Summary – Don’t buy an Intuos Manga*, Do buy an Intuos Pen & Touch if you are in the right market segment…
*Assuming you’re not a comic book illustrator – see note at end
There, with that out the way, hopefully no-one else will get sucked into the useless combo that is Intuos Manga! Why do I say that? Because Version (4) of Manga software which is included in the package is absolute crap from a UX perspective (think Windows 95) and is one (very significant) version behind the current version.
I’m jumping a bit ahead here though, so I’ll go right back to the start as there are a few things I found out along my pen tablet journey. I was obviously in the market for a digitiser to do a bit of mucking around and to start work on some “RSA Type” animations for Right Shifting**. As I’m not a professional illustrator and would only use this occasionally I was trying to keep the cost down.
For this review I’ll be using the recent/new model names as Wacom “recently” (2013) “updated” their line in that some of the names are changed, so Bamboo is not Bamboo, it’s now Intuos and Intuos is now Intuos Pro. What’s Bamboo?…
It’s new and would be the most seemingly obvious budget solution, until you read the reviews. It really is a new product and the digitisation and pressure don’t seem too good even for a low end product. Hopefully Wacom will fix this as it’s a great concept, form factor and price point and I’d buy one just to use beside my Mac regularly.
That leaves us with the Intuos range. Wacom have managed to achieve what Apple seems unable to – their digitizer can co-exist with a mouse! The Pro versions really are what they say – I don’t see any need to buy them unless you are using them professionally. As mentioned, the Intuos’ really are the upgraded version of the old Bamboo, but with (optional) touch. I initially (unknowingly) ordered the pen only one and immediately returned it as touch really does make a difference in usage as highlighted in the video below – apologies in advance for the slightly strange colours, but iMovie suddenly decided to saturate it. I’ve done the best I can with some manual tweaking to make it viewable (which the original wasn’t):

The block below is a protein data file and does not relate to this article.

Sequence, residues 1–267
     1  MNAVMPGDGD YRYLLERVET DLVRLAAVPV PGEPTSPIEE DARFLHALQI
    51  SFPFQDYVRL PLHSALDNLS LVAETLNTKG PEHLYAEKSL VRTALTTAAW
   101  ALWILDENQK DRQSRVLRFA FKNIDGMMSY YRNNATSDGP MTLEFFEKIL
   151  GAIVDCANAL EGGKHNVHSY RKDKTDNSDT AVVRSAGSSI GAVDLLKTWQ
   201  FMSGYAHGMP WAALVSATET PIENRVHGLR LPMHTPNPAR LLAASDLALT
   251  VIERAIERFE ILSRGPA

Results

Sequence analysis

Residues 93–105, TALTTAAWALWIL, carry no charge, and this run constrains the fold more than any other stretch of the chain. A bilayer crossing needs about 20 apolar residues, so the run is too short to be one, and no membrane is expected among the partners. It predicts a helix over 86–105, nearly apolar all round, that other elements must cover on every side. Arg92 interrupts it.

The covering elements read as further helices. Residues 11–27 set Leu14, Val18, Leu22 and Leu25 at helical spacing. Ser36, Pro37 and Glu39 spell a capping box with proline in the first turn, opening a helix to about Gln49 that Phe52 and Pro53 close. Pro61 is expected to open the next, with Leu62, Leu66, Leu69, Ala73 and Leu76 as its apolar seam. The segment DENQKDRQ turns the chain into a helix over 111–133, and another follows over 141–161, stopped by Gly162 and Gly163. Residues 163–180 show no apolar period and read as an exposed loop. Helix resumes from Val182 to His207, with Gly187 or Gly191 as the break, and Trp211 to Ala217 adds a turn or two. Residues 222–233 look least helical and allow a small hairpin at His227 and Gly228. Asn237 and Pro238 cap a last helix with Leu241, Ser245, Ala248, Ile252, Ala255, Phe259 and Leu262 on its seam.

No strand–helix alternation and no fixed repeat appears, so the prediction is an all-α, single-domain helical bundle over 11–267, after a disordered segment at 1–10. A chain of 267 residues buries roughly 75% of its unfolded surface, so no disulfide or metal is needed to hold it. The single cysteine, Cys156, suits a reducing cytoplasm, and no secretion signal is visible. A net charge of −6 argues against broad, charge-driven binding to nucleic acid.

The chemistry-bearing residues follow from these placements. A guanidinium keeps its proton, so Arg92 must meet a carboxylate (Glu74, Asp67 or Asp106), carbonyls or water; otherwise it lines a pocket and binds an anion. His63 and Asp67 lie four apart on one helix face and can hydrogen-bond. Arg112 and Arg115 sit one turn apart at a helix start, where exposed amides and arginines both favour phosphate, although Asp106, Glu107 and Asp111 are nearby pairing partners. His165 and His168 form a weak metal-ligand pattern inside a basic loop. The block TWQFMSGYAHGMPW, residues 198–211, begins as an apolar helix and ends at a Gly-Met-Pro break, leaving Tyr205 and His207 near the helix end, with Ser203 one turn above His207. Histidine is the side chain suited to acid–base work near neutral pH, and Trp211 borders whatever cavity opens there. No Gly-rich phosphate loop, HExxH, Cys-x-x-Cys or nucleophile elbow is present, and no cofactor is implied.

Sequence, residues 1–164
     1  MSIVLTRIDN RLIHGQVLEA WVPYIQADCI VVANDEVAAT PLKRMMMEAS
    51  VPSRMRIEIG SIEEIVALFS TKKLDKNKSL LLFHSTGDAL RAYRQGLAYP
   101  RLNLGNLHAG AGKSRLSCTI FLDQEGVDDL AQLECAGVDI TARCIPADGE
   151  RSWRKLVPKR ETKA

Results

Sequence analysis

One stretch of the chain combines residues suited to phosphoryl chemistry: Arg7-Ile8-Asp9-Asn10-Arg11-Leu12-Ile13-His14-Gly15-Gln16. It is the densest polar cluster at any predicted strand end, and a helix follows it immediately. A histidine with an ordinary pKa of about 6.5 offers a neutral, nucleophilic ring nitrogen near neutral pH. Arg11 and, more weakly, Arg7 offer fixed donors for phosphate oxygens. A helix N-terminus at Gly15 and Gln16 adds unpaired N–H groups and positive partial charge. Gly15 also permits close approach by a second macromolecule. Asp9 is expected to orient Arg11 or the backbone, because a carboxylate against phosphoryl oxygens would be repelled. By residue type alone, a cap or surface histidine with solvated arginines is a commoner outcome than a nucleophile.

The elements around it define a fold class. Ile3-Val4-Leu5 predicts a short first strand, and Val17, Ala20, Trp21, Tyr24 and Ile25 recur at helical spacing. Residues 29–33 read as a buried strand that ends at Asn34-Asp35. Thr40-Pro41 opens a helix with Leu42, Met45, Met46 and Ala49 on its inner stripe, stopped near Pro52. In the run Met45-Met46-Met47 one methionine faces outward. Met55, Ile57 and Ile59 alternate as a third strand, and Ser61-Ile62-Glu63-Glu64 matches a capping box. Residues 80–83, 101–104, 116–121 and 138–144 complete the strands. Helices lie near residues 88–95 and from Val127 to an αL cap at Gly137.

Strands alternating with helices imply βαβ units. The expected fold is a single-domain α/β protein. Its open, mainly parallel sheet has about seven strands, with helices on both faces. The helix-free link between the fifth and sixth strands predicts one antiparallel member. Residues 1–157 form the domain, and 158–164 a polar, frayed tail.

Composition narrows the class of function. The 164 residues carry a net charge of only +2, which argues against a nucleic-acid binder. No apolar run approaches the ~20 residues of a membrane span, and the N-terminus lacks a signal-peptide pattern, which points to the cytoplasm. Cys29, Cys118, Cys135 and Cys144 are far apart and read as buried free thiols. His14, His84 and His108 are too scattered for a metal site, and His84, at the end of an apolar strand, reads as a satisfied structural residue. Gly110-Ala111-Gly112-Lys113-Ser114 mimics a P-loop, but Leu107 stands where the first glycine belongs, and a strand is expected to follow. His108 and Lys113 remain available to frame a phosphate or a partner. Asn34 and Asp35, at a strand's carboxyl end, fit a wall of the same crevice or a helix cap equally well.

Because I was in a hurry and didn’t bother researching MS4 thoroughly. It would seem that comic book illustration is a very specialised area and MS is certainly one of the leading products. I’m sure it’s usable after a steep curve (I’d shudder to think how long it would of taken to get to a point of doing that video above with it, but we are talking days to weeks rather than hours!). If you’re an amateur or just someone who wants to do some “graphic noodling” then what to use?
I hope this has been of help to anyone considering a digitising pad, which you should if you have any interest in drawing, painting etc… Feel free to drop me a note in the comments if you have any questions or experiences you’d like to share.
* Unless you really do comic illustration – Manga really does seem to be regarded as one of the best packages for comic illustration, as I discovered this is a world away from intuitive art tools like ArtRage
** Want to find out more about Right Shifting? The best place to start is the guy who came up with it – Bob Marshall, the @flowchainsensei and his blog, especially the Rightshifting section. More questions? Probably best to ask him…